How The Last Jedi Moved Star Wars Forward By Reflecting the Past

Luke Rey The Last JediThe Force Awakens’ homage to A New Hope re-established Star Wars on a cinematic scale, deftly playing against expectations while touching upon themes grounded in the original work that launched the franchise. The Last Jedi continued this process of breaking away from the original trilogy and simultaneously establishing the sequel trilogy as something unto itself by addressing both The Empire Strikes Back and Return of the Jedi. It did so by pulling thematic elements and events designed with characterization in mind from both films, thus clearing the film landscape for J.J. Abrams’ Episode IX.

There were always going to be similarities to The Empire Strikes Back in The Last Jedi, courtesy of the story developed in The Force Awakens, such as the potential of an inexperienced Force-user seeking out a Jedi Master for training on a remote planet and a vengeful Empire-like enemy desiring revenge upon a rebellious force for an oversized victory against its superweapon. Indeed, the film opens similarly, with the First Order appearing out of hyperspace to catch the Resistance in the act of fleeing its base. Like the Empire before it, the First Order spends the entirety of the film chasing after Leia Organa – though its motivations are not driven by the singular desire of Darth Vader to find Luke Skywalker. Both films also focus on defeat for both sides: the Rebellion does not win in Empire and the Resistance’s escape at the end of Last Jedi is signified not by victory over the First Order, but in avoiding complete annihilation. Given the Resistance began as four cruisers fleeing D’Qar and ends with the survivors all fitting aboard the Millennium Falcon, the victory really belongs to the First Order.

The story breakdown of The Last Jedi can be viewed as having three components: 1) Rey on Ahch-To with Luke, 2) Rose and Finn on their mission, including Canto Bight, and 3) Poe’s confrontation with Vice Admiral Holdo aboard the Raddus. Within each of the three arcs are more sophisticated elements, as they serve as vehicles for what Rian Johnson has set out to convey in his film, a play on themes and the importance of characterization.

Rey’s story arguably is the most important due to its eventual impact on the events later in the film. We are offered the initial comparison of Luke on Dagobah, a potential Jedi sent to find a hidden Master. In Empire, Yoda only initially refuses to train Luke, and his introduction is similarly comedic at first as Luke’s is in Last Jedi. Yet Yoda quickly concedes, whereas Luke only eventually does so in order to educate Rey on why the ways of the Jedi must end – the opposite purpose of Yoda’s teaching to Luke, to train him as a Jedi to continue the Jedi Order. Rey’s training was never intended to establish her as a Jedi.

Rey’s story on Ahch-To picks up and follows Luke’s own interactions with Darth Vader, which begins in Empire and concludes in Jedi. When Luke Skywalker confronts Darth Vader at Cloud City, it is initially to save his friends. But by the conclusion of the face off, Luke connects telepathically with his father just before the Millennium Falcon leaps to hyperspace. This insight into Vader leads Luke in the second act of Jedi to tell Yoda and Obi-Wan Kenobi that his father can be saved, that he had felt the good in him. This goes against the advice of both Jedi Masters, who opine that Anakin Skywalker had been destroyed by Darth Vader. After a series of telepathic connections between Rey and Kylo Ren, Rey comes to the same determination and has her own moment of arguing with her teacher in the film. Like Kenobi, Luke warns her that Kylo is too far gone and cannot be saved. Like Luke, Rey ends up willingly surrendering herself over to the enemy purely for the opportunity to reach through in person to the individual she believes can be saved from the Dark Side.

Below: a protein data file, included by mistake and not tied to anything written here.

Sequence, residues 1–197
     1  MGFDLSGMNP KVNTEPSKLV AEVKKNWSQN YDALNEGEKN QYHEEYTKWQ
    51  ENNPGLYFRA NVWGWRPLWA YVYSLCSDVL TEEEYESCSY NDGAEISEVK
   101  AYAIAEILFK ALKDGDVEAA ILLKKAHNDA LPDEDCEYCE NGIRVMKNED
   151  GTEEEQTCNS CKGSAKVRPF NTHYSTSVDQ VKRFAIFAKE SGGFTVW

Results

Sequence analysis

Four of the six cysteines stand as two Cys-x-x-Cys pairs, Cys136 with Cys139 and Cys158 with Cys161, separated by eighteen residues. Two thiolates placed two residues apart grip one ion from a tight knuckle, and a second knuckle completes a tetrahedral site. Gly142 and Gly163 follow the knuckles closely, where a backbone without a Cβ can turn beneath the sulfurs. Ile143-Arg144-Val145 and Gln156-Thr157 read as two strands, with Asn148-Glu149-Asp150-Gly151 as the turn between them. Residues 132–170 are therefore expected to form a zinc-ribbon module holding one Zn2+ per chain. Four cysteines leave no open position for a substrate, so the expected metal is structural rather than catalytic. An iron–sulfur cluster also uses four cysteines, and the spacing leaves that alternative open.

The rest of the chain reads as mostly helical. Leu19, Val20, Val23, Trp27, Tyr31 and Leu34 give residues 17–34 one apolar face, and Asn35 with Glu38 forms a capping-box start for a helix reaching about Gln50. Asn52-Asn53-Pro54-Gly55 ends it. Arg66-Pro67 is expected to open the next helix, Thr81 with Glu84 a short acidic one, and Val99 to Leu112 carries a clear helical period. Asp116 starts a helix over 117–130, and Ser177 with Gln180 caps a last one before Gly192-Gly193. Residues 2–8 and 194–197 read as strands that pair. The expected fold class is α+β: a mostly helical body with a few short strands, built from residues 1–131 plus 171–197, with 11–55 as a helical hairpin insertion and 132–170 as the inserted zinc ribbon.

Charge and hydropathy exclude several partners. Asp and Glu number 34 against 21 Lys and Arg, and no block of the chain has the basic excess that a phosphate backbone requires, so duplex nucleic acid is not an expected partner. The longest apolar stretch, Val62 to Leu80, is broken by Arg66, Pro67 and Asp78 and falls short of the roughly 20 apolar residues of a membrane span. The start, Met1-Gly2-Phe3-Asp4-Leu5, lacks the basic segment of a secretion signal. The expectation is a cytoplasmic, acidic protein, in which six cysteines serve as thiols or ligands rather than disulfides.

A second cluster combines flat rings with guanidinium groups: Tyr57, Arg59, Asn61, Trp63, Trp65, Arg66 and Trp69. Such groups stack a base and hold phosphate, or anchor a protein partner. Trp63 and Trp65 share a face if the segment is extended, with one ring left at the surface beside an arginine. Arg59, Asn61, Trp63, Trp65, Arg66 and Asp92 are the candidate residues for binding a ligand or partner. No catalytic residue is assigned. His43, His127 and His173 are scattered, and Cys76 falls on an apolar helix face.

Return of the Jedi offered a candid moment between Luke and Vader, shortly after his surrender, where Luke attempts to persuade his father to return to the light. Vader initially denies there’s any hope, and only when the Emperor has chosen to destroy Luke does Vader act on the good within him. Last Jedi hits these same beats, exchanging a walkway on Endor for an elevator, even going so far as to have Rey’s words echo Luke’s, referencing sensing a conflict within Kylo. Like Vader, Kylo rejects her words and delivers her over to his emperor, his Supreme Commander Snoke.

Thus, in the middle of the second film in the sequel trilogy, we are seeing the major arc from the third film of the original trilogy. In fact, up through the moment Snoke decides to end Rey’s life, the events mirror each other, right down to Snoke keeping the lightsaber of a Skywalker on his throne beside him. Snoke’s trusted dark side apprentice turns on him, killing him, and in the throne room fight that ensues it seems as if Kylo Ren has joined the side of the good, albeit in a much healthier state than Anakin Skywalker in Jedi.

This is the moment when Johnson breaks with expectations. At least for his film, Kylo Ren does not choose the side of good. He chooses to do what Vader had offered Luke in Empire and Jedi: depose their ruler and rule the galaxy together. Rey rejects this offer by Kylo, infuriating him, and setting the franchise on a new path not yet explored by the original trilogy.